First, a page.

- The Washington Times - Wednesday, December 19, 2001

Sen. James M. Jeffords of Vermont, who bolted the Republican Party this year in a dispute over education funding, voted against the education bill yesterday after failing to gain satisfaction from his new friends in the Democratic majority.
Mr. Jeffords cast a "no" vote his first against an education bill in his 25-year congressional career while Democratic leaders hailed the measure which passed 87-10 as a landmark reform.
"To vote for this education bill as it now stands, I believe, is counterproductive, if not destructive," he said.
Then Mr. Jeffords went off to another book signing of his autobiographical "My Declaration of Independence" at a local bookstore.
Mr. Jeffords quit the Republican Party in June to become an independent, single-handedly throwing control of the Senate to the Democrats. He had locked horns with the White House over his desire to increase special-education funding.
The administration further angered Mr. Jeffords at the time by suggesting it would not renew the Northeast Dairy Compact, a program prized by Mr. Jeffords for the price supports it gives to Vermont dairy farmers.
But as the year ends, Republicans noted that Mr. Jeffords got neither his special-education funding nor, at the moment, renewal of the dairy compact.
"His dairy issue goes unresolved and he didn't get what he wanted on education," said an administration official. "Maybe he misses what Senator [Trent] Lott did for him."
Mr. Lott, the Senate minority leader, had fought for the dairy program on Mr. Jeffords' behalf while the Vermonter was a Republican.
Asked on NBC's "Today" show this week whether he felt his party switch had been for naught, Mr. Jeffords replied, "In a way."
Mr. Jeffords criticized Senate Democratic leaders for not pressing for a separate vote yesterday to increase funding for the federal Individuals with Disabilities in Education Act (IDEA).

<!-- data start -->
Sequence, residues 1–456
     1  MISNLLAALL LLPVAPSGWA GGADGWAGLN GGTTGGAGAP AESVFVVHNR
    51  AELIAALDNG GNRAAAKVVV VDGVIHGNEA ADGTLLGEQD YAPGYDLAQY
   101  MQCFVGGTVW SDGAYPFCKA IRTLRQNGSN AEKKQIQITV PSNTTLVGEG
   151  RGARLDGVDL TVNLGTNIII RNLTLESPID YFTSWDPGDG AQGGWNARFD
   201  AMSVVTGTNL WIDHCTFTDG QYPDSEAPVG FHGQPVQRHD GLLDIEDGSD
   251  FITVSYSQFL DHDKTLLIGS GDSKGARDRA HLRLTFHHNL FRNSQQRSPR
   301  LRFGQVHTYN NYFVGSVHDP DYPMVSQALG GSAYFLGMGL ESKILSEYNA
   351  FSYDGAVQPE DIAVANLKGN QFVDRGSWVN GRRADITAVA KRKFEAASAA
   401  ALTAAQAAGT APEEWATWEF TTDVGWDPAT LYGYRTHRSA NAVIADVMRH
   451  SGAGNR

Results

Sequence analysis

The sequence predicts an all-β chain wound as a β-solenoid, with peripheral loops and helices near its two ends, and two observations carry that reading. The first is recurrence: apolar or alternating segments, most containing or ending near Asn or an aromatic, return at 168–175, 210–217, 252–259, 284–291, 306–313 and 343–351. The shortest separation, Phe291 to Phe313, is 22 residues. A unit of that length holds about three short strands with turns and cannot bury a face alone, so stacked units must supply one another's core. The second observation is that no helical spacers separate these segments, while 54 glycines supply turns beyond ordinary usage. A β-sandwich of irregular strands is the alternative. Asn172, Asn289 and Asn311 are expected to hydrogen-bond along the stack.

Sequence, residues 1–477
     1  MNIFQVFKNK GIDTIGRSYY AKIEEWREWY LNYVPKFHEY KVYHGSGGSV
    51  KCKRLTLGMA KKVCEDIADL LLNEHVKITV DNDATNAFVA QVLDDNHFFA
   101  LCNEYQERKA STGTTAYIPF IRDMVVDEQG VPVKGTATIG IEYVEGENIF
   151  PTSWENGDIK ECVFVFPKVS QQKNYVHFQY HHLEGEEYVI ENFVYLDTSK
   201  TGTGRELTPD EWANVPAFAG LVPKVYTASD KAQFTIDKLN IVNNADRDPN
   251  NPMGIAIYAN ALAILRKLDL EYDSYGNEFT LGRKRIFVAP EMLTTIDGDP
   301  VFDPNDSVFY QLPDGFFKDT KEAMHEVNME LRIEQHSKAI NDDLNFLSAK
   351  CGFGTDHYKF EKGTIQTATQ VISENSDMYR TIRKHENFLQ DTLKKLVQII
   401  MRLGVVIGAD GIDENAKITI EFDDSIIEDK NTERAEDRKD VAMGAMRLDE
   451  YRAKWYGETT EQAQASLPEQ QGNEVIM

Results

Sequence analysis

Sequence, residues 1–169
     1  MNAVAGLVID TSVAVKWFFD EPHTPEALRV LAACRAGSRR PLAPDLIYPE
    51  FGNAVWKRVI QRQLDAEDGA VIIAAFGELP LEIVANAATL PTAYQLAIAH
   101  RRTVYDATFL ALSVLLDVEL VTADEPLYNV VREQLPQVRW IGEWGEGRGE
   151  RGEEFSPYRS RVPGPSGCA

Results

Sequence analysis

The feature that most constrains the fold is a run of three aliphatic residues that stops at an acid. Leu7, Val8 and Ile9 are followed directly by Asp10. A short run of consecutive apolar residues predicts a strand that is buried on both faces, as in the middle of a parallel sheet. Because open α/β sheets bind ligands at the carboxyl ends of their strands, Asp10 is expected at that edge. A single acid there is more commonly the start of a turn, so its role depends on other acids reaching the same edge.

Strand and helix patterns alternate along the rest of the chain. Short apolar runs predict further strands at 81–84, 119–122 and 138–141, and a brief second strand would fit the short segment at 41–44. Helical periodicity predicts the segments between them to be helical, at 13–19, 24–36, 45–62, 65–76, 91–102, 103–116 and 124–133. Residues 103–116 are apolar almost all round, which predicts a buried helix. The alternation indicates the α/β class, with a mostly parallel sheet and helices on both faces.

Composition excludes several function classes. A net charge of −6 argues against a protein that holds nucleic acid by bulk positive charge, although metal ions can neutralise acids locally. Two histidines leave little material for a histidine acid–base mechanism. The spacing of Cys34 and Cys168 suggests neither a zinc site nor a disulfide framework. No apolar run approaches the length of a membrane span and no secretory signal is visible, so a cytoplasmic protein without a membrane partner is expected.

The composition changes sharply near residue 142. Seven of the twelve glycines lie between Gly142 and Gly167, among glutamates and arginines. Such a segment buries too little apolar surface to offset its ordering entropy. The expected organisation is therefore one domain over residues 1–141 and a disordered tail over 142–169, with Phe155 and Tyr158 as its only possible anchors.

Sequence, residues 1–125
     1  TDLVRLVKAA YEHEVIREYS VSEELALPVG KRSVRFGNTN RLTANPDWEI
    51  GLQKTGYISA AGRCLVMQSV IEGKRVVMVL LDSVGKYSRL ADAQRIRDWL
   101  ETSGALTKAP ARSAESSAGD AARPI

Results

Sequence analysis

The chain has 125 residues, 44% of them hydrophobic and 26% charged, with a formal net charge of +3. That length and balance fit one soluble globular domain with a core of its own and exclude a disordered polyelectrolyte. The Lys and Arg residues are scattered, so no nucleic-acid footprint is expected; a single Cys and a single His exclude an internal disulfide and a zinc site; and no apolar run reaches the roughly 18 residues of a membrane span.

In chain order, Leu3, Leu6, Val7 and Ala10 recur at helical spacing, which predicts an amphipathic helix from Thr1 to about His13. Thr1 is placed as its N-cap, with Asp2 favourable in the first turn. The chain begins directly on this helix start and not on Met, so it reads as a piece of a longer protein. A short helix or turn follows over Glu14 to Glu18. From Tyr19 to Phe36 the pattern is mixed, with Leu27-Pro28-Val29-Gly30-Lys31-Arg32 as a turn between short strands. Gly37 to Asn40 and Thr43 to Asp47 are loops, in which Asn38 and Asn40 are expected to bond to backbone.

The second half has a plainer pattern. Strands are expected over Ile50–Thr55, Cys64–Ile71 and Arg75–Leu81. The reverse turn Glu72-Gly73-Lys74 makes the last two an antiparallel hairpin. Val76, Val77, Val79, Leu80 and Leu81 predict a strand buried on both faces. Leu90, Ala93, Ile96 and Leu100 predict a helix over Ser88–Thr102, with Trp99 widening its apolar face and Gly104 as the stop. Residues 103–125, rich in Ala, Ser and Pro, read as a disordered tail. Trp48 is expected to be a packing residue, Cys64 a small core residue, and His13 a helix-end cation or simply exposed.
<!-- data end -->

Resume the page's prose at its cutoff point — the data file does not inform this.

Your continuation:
"I am extremely disappointed that the final product does not include this critical amendment," he said. "I am afraid that this bill may actually do more harm than good."
Six Democrats and three Republicans also voted against the bill.
Senate Republicans, who lost their majority status and committee chairmanships when Mr. Jeffords became an independent, were guarded in their comments about his vote yesterday.
"We'll just leave Jim to his own devices," said Sen. Larry E. Craig, Idaho Republican and chairman of the Senate Republican Policy Committee.
Sen. Rick Santorum, Pennsylvania Republican and chairman of the Senate GOP's conference, said Mr. Jeffords' vote "maybe goes to show that there are other reasons behind him leaving the Republican Party other than the [reasons] he said."


Copyright © 2018 The Washington Times, LLC. Click here for reprint permission.

The Washington Times Comment Policy

The Washington Times welcomes your comments on Spot.im, our third-party provider. Please read our Comment Policy before commenting.

 

Click to Read More and View Comments

Click to Hide